• Daniel Rae

The Life Aquatic with Steve Zissou Review

"The Life Aquatic with Steve Zissou", Touchstone Pictures, 2004

Wes Anderson's 2004 dramedy sits in a weird place in his filmography. Appreciated but never celebrated, there's something to be said for how far the writer/director goes in balancing the silly with the serious in comparison to something like 2014's 'The Grand Budapest Hotel', leading to some surprising moments that stands out from his usual mix of quirks, as well as, unfortunately, inconsistencies with the pacing.

In some aspects, it's the usual Wes Anderson affair we've all grow to know and love. Wearing its charm on its sleeve with an ensemble cast of characters framed under his recognisable lens of symmetry, audiences, at the very least, will instantaneously take to the dynamic formula of his presentation. Paired with the understated wackiness of its comedy, there is a certain sense of finesse that comes with how it downplays its weirdness and purposefully meaningless ticks; much in the same way, dare I say it, as a Tarantino film. It's indie-like sensibilities accompanied by the grand sense of scale its timeless practical effects, colourful glare and comically dramatic zooms and dollys provides gives it an underdog quality, personified almost poetically by Bill Murray's 'Steve Zissou', the playfully cynical and downtrodden centrepiece to the elastic screenplay that only someone of Noah Baumbach's talents could achieve. The seemingly simple story of revenge is purposefully crafted around the somewhat absurdist detours the tangents take, which, for me, is where the problems lie. Whilst, occasionally, its looseness is warranted in order for the story to dip in and out of its own unique bubble, stumbling upon some really funny scenes where its dry wit shines through in the best possible way, It ultimately highlights how the film is dependent on its individual charms to tell its story. Whilst all this space the story leaves is important for the Belafonte and its crew to fall in between the grey area of legacy the writing often returns to, its attempts to stir the pot with drama and heartfelt moments it begs to resonate with audiences comes across as flat, as it never feels obliged to step outside and build upon this mood it's created for itself.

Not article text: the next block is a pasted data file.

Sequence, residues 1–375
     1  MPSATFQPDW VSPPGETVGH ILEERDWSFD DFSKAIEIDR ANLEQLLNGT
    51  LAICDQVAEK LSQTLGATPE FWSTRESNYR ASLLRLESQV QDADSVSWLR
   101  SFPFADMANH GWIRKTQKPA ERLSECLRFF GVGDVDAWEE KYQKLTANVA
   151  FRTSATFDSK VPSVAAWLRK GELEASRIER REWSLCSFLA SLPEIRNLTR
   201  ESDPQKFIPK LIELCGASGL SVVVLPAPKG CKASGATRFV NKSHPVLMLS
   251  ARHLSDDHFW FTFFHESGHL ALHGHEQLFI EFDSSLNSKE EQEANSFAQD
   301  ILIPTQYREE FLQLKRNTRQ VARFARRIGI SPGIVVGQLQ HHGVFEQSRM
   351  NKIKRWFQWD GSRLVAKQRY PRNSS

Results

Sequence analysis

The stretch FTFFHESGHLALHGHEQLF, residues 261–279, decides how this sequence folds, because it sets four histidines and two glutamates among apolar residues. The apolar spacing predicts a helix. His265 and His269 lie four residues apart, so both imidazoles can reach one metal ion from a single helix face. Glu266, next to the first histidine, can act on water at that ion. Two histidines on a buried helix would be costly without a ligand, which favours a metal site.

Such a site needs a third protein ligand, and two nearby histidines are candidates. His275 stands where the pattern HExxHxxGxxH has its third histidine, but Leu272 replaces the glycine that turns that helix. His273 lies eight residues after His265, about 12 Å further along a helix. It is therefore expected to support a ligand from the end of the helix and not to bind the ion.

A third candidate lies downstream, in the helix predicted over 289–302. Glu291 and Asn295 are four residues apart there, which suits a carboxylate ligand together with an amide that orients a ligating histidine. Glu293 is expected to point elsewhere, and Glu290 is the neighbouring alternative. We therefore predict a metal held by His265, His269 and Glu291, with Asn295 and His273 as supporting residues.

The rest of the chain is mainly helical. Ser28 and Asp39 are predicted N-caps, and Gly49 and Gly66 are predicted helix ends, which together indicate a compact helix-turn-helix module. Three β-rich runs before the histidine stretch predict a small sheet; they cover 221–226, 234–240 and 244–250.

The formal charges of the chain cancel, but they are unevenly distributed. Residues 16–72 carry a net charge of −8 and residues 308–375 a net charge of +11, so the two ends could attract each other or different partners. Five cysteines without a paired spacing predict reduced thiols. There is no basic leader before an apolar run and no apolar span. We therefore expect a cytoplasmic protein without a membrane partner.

The achilles heel of this movie is probably what fans would argue is its greatest strength: it's humble originality. It's obtuse stop-start sense of flow it flexes ultimately demands too much attention for audiences to appreciate the same details it gets lost in.

3.5/5 Stars

4 views0 comments

Recent Posts

See All